Ersin Özuğurlu

Current Research

Applied Mathematics: Vortex interactions in quasi-geostrophic flow

I have been working with Dr. Jean N. Reinaud and Prof. David G. Dritschel at the University of St Andrews, St Andrews, Scotland (( .

Previous experiences

Postdoctoral Research

Applied Mathematics: Effect of magnetic field in the Czochralski growth of silicon crystals

I demonstrated my excellent research abilities by applying an optimization technique for controlling transport phenomena in the Czochralski Silicon crystal growth process with MASTRAPP2d (Multizone Adaptive Scheme for Transport Phase-change Processes.) MASTRAPP2d utilizes a multi-zone adaptive grid-generation technique MAGG for discretizing the physical domain and a curvilinear finite volume ( CFV) technique for solving the governing equations.  The MAGG algorithm distributes grid nodes adaptively in response to the development of the solution and according to the evolution of the problem domain. Further details on the numerical methodology of MASTRAPP2d are provided by Hui Zhang ( and Vish Prasad (

My postdoctoral research focused on Czochralski growth of silicon crystals. The application of a magnetic field in a Czochralski crystal growing from an electrically conducting melt has become a well-known technique for improving the crystal quality. It has been experimentally established that a magnetic field can stabilize or even suppress the convection in the melt, which together improves the interface conditions thus reduces the growth striations. Moreover, the appropriate application of a magnetic field allows control of the oxygen concentration in silicon crystals.

Practical experience has shown that strong flow fields in the melted crystal can cause crystal irregularities. Flaws in the crystal can only be detected at the end of the crystal growth process. However the flow field is directly observable experimentally, and can be reliably determined computationally. This suggests that one way to improve crystal would be to control the vorticity.

This work was presented in the annual meeting of DARPA/AFOSR (Defense Advanced Research Project Agency / Air Force Office of Scientific Research) Consortium for Crystal Growth Research in New York and is ready for the journal submission. By working as a member of DARPA/AFOSR CCGR, I have augmented my rigorous knowledge of theory with practical experience.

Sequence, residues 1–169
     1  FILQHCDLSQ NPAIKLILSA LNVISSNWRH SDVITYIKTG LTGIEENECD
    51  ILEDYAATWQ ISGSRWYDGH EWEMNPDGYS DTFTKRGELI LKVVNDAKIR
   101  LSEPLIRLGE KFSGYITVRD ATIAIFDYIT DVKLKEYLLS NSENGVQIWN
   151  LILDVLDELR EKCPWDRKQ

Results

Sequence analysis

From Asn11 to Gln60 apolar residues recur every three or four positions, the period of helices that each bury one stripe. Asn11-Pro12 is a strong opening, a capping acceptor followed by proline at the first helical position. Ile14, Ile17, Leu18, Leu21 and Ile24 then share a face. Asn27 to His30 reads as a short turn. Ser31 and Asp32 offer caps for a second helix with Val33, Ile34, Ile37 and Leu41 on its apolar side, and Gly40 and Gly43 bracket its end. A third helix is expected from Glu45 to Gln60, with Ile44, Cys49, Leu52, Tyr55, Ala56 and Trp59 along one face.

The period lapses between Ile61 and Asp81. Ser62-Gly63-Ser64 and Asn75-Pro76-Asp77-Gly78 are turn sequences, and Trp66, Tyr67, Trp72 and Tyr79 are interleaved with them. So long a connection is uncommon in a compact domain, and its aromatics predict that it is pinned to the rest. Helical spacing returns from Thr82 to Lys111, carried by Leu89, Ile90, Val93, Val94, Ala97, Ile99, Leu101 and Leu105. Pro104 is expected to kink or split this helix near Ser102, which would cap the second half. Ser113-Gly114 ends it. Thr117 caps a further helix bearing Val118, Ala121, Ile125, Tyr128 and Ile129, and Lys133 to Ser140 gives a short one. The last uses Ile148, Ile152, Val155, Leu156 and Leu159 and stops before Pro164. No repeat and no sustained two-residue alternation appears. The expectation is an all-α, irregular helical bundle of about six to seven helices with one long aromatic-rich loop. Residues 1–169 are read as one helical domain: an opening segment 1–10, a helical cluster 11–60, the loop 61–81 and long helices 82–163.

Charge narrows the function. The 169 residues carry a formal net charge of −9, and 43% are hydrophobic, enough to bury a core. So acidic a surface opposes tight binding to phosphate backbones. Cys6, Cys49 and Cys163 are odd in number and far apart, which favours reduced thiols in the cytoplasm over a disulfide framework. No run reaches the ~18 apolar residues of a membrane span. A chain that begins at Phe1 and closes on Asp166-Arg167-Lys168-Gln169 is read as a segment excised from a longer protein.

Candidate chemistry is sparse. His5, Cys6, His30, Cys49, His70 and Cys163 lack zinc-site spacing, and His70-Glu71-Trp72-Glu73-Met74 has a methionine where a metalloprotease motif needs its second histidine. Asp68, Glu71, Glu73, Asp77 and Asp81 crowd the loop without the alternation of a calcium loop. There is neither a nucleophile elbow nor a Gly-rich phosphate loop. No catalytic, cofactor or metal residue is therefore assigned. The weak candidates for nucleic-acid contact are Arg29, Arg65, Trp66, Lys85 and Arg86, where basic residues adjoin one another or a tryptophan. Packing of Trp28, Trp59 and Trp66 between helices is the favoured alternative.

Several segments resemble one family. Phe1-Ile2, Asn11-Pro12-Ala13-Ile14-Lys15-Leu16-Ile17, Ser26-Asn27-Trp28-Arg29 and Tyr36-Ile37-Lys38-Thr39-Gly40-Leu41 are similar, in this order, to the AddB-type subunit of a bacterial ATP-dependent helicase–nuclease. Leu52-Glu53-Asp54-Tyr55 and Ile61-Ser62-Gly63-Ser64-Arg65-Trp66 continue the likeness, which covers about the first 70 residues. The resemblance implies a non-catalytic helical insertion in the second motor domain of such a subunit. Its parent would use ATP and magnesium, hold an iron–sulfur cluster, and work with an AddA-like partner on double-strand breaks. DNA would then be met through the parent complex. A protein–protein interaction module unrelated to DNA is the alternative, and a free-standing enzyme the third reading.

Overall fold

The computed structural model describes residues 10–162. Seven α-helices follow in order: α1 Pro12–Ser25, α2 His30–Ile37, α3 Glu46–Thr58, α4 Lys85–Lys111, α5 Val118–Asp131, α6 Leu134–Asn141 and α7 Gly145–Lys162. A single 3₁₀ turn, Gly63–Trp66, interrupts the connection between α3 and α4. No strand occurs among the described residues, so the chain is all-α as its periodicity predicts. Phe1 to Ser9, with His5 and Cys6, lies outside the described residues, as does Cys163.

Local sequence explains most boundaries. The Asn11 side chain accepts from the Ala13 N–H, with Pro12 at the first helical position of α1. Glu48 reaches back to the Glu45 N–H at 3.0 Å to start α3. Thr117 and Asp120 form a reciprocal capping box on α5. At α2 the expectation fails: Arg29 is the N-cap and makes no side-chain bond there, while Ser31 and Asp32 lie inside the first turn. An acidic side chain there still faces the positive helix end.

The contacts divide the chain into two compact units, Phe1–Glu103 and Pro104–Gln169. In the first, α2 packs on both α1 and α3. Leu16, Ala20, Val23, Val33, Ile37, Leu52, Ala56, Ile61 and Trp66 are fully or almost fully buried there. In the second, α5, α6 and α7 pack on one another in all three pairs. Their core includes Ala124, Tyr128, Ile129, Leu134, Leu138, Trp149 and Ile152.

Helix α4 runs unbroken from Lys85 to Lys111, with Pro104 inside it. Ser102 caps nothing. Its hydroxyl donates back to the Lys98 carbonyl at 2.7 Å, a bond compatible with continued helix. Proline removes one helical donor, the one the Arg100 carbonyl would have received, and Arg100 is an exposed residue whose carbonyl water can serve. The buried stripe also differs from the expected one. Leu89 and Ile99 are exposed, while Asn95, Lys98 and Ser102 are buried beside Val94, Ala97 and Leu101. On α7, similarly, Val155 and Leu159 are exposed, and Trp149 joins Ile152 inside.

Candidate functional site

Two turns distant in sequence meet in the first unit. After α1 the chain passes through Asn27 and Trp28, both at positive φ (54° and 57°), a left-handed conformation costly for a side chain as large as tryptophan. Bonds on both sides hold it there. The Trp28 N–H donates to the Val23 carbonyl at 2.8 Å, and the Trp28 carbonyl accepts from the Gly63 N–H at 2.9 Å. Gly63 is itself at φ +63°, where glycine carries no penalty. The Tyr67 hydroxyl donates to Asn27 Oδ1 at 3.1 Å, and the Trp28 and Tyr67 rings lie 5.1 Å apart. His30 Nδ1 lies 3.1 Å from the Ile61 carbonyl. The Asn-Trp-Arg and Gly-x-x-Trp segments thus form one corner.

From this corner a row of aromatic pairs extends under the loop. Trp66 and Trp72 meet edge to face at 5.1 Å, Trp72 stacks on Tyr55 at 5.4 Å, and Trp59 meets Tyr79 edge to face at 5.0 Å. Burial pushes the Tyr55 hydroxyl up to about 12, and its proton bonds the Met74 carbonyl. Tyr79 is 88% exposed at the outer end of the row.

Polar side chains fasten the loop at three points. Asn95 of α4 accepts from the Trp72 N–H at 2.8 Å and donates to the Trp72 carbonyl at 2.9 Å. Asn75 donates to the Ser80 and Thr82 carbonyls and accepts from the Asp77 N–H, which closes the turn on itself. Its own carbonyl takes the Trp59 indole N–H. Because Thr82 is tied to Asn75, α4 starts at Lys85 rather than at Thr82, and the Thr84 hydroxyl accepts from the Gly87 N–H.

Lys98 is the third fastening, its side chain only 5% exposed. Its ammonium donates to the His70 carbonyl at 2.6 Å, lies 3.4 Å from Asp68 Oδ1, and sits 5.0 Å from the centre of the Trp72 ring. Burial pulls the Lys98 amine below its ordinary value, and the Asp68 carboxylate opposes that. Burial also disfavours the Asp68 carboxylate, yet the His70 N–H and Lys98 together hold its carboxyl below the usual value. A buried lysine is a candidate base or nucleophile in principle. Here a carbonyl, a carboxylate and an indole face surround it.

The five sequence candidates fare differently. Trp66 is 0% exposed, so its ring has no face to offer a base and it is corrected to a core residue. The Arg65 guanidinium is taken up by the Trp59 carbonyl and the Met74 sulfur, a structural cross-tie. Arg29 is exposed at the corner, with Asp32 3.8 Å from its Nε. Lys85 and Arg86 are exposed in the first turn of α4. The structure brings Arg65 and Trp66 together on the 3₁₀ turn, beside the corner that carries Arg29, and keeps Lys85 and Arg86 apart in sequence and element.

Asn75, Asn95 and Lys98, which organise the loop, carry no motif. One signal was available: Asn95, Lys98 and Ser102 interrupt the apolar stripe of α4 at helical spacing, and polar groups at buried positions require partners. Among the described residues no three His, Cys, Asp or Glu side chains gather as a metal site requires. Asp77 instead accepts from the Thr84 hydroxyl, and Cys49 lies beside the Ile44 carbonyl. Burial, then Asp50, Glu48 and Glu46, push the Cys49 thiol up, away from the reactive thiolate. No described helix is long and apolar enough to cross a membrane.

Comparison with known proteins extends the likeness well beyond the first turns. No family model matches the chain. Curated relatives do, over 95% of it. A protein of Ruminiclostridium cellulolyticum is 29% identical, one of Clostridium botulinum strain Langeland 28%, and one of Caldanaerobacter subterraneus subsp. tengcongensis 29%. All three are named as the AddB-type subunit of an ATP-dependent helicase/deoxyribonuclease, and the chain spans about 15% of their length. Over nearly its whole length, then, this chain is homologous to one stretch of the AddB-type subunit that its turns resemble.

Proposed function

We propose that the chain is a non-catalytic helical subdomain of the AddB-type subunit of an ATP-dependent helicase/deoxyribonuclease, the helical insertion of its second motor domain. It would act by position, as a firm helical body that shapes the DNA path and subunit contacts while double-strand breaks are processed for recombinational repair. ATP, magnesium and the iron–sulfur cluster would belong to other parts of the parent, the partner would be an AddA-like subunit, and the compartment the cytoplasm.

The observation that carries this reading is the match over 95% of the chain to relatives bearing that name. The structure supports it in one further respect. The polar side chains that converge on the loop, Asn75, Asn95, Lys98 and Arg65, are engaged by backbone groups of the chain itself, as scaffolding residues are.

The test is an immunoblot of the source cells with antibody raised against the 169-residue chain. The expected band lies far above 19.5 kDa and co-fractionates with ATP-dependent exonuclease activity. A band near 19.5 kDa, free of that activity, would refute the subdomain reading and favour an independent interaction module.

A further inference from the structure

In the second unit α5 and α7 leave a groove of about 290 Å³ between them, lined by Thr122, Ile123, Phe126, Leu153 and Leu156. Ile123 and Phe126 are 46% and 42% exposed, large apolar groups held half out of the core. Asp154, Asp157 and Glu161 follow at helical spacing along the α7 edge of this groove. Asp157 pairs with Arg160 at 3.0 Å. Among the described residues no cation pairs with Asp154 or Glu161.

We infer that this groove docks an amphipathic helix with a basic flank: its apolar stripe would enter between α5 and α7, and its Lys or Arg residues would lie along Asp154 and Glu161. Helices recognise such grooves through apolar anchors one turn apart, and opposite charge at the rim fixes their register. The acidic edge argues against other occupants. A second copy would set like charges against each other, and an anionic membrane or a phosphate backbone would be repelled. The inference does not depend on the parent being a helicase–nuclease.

Graduate Research Applied Mathematics: Free-surface problems

In my dissertation, "Effect of variable surface tension on free-surface problems,"

I accomplished three main objectives:

  • Found a better approach for distortion of a two-dimensional bubble (or drop) in a corner flow of an inviscid incompressible fluid by using the series truncation method. This work was published by the European Journal of Applied Mathematics (2000), vol 11, pp. 171-179.
  • Considered the problem of periodic gravity-capillary waves propagating at a constant velocity at the surface of a fluid of infinite depth taking into consideration of variable surface tension and finding that there are many different families of solutions, and these solutions generalize the classical theory of gravity-capillary waves with constant surface tension. Also, an asymptotic solution is presented for a particular distribution of variable surface tension. This work was accepted by the Journal of Engineering Mathematics
  • .

  • Investigated variable surface tension for the two-dimensional free-surface flow due to a pressure distribution moving at a constant velocity at the surface of a fluid of infinite depth and observing that the flow approaches a solitary wave with oscillatory tail, as the pressure tends toward zero.